Census: Pine Bluff falls under 50,000, Jonesboro at 67,000 - KAIT Jonesboro, AR - Region 8 News, weather, sports

Census: Pine Bluff falls under 50,000, Jonesboro at 67,000

JONESBORO, AR (KAIT) - Arkansas' 2010 Census numbers were released Thursday showing significant population shifts from rural areas to the state's larger cities.  Craighead County along with several counties in Northwest and Central Arkansas saw significant population increases.

Jonesboro is the fifth most populated city in Arkansas with 67,263, up 21.2% from 2000 when the city had 55,515.  Paragould grew 18.6% from the city's 22,017 2000 Census to 26,113 in 2010.  Craighead County saw an increase in population from 82.148 in 2000 to 96,443 in 2010.  Greene County also had an increase in population in the 10 year period, up 12.7% to 42,090 in 2010 compared to 37,331 in 2000.  

While Craighead and Greene Counties saw significant increases in population, Mississippi County saw just the opposite.  The county lost 5,499 people during the 10 year period according to the U.S. Census Bureau to 46,480 in 2010 compared to 51,979 in 2010.  Other counties in the Mississippi River delta saw significant declines in population including Lee, Phillips, Monroe, Desha, Woodruff and Chicot Counties.  The largest increase in population was in Benton and Faulkner Counties.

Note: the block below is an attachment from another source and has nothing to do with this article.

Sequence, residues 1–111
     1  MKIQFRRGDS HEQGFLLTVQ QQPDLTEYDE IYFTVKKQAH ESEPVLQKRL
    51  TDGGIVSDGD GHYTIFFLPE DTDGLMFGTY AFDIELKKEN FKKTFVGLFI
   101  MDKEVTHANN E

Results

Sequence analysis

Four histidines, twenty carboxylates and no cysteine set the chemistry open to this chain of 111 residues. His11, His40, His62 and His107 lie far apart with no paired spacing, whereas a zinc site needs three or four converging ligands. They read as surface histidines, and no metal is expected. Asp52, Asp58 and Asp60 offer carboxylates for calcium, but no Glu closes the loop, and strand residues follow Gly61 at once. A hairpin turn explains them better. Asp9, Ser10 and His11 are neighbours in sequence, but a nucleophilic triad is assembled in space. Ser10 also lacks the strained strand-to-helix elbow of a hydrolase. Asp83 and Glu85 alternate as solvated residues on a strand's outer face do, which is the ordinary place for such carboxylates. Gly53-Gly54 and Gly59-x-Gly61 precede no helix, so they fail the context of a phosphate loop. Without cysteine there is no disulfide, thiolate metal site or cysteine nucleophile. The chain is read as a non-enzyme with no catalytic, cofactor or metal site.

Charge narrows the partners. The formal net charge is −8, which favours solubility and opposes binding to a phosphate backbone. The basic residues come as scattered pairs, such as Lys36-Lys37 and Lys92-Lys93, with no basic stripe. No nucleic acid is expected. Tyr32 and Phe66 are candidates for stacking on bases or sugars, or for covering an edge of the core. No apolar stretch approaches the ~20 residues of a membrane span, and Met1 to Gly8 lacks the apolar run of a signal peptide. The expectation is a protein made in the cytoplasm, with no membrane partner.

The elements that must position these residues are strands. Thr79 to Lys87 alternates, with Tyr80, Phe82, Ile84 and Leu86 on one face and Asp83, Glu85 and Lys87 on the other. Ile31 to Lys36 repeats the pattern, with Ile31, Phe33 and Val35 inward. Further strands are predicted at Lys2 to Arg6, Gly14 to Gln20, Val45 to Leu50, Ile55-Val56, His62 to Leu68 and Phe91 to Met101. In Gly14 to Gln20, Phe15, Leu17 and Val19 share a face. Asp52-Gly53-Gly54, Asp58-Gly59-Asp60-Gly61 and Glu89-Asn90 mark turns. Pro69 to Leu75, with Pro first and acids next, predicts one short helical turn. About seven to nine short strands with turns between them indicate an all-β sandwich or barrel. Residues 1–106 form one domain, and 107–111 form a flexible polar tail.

Numbers released Thursday by the federal Census Bureau put Pine Bluff's population at 49,083 people, down from 55,085 in 2000. The decline also drops the city from sixth-largest in the state to ninth-largest.  The Census Bureau says Little Rock's population grew from 183,133 in 2000 to 193,524 in the year 2010.  Fort Smith remains the second-largest city in the state, growing from a population of 80,628 in 2000 to 86,209 in 2010.

The U.S. Constitution spells out the U.S. Census Bureau's duty to collect a population count every ten years.  The numbers are used to determine seat apportionment in the U.S. House of Representatives.  While Arkansas has been fortunate to split Congressional Districts by counties, the population spread in 2010 will likely mean some counties will be split into two Congressional Districts.  Now that the Secretary of State's office has the official Census numbers, it can now start the task of determining who is represented among Arkansas' four U.S. Representatives.

Secretary of State Mark Martin said in a news release,  "Having these census numbers in hand is a necessary first step in the reapportionment process.  While we are in the preliminary stages, I do welcome an initial meeting with Governor Beebe and Attorney General McDaniel to share input on re-drawing state legislative districts.  We will soon release information on hearings to gather public comment from people across the state."

On the web:

U.S. Census Bureau news release with county by county population maps

U.S. Census Bureau

Arkansas Secretary of State

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